Very Rough Nutritional Guide:
(rougher than normal since the calorie counter didn’t have lamb backstrap so I substituted another loin cut … and obviously a lot of the oil gets discarded so IMO the calories and fat content have been waaaaay overstated)
1 serve: 890 calories, 71% fat, 28% protein, 1% carbs

Rib-Eye Steak on the Weber

18 Nov

I’m not used to thinking of steak as a healthy meal, but maybe that’s because I normally associate it with fries. But steak is on a weekly (or at least fortnightly) rotation at our table because it’s such a healthy, filling meal with a great macro breakdown.

I used to use Alton Brown’s method of cooking steak (sear on both sides in a cast iron pan, then finish in the oven) but it’s definitely less hassle grilling it on the Weber.

I think the stovetop to oven method wins out a little in taste, but that’s probably because James and I are still getting the timing right for the barbecue. And the advantage to cooking on the Weber is that we can do asparagus at the same time. We had a spare red capsicum and grilled that as well for some extra colour, and served it all with a small side salad.

It’s hard to tell from that photo, but this was actually a pretty substantial 400g rib-eye. It’s just that the overflowing vegetables make it look small. Once upon a time I would have decided that the asparagus was enough of a vegetable accompaniment, but nowadays I try to make sure that vegetables are at least 50% of the plate.

I think I’ll have to start getting a bit more scientific about cooking times – next time I get steak I’ll measure the thickness – I’d say this one was roughly 2-2.5 inches thick. We cooked it for 2.5 minutes each side and it turned out on the rare side of medium rare. For the same size steak I would try for 30 seconds longer next time since it was a touch rarer than we prefer.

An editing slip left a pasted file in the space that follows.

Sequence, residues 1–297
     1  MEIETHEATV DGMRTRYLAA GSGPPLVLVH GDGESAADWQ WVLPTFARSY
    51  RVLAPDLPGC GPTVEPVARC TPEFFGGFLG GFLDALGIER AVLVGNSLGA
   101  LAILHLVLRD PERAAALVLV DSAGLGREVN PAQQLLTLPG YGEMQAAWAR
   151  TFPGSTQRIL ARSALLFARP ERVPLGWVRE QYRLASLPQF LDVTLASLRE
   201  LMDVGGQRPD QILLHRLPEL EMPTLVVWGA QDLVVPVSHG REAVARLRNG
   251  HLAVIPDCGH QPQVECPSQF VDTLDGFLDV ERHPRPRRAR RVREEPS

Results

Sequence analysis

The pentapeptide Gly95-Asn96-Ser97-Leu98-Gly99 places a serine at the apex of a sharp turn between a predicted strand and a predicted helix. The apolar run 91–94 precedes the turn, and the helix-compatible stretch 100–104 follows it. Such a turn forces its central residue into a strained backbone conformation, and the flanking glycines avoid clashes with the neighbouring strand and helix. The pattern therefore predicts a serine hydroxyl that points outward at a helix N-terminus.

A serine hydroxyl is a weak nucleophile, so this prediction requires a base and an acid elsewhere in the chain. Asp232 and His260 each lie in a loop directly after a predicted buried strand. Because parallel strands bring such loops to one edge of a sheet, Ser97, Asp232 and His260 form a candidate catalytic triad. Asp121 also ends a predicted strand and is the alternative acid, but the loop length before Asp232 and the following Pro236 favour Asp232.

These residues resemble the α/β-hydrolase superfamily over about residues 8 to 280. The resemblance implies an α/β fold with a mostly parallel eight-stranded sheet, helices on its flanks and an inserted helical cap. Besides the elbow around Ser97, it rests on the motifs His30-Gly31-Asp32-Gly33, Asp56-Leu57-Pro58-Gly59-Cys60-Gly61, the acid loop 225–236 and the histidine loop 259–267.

Very Rough Nutritional Guide:
400g rib-eye steak: 824 calories, 41% fat, 59% protein, 0% carbs

Roast Chicken on the Weber: The Disastrous Sequel

17 Nov

The experiment with roasting a chicken on the Weber was so successful the first time that we decided to do it again a week later. We were so confident that we didn’t look over the instructions again, and went with memories. Which was a bad idea because:

  1. We initially forgot to put the trivet on
  2. We forgot to put a layer of foil over the grate to diffuse the heat

Which resulted in this.

In that skinless patch you can see grill marks where I plonked the chicken down directly on the grate, only to realise that we’d forgotten the trivet. James rushed inside to grab it while I cradled the chicken in my arms, making soothing sounds.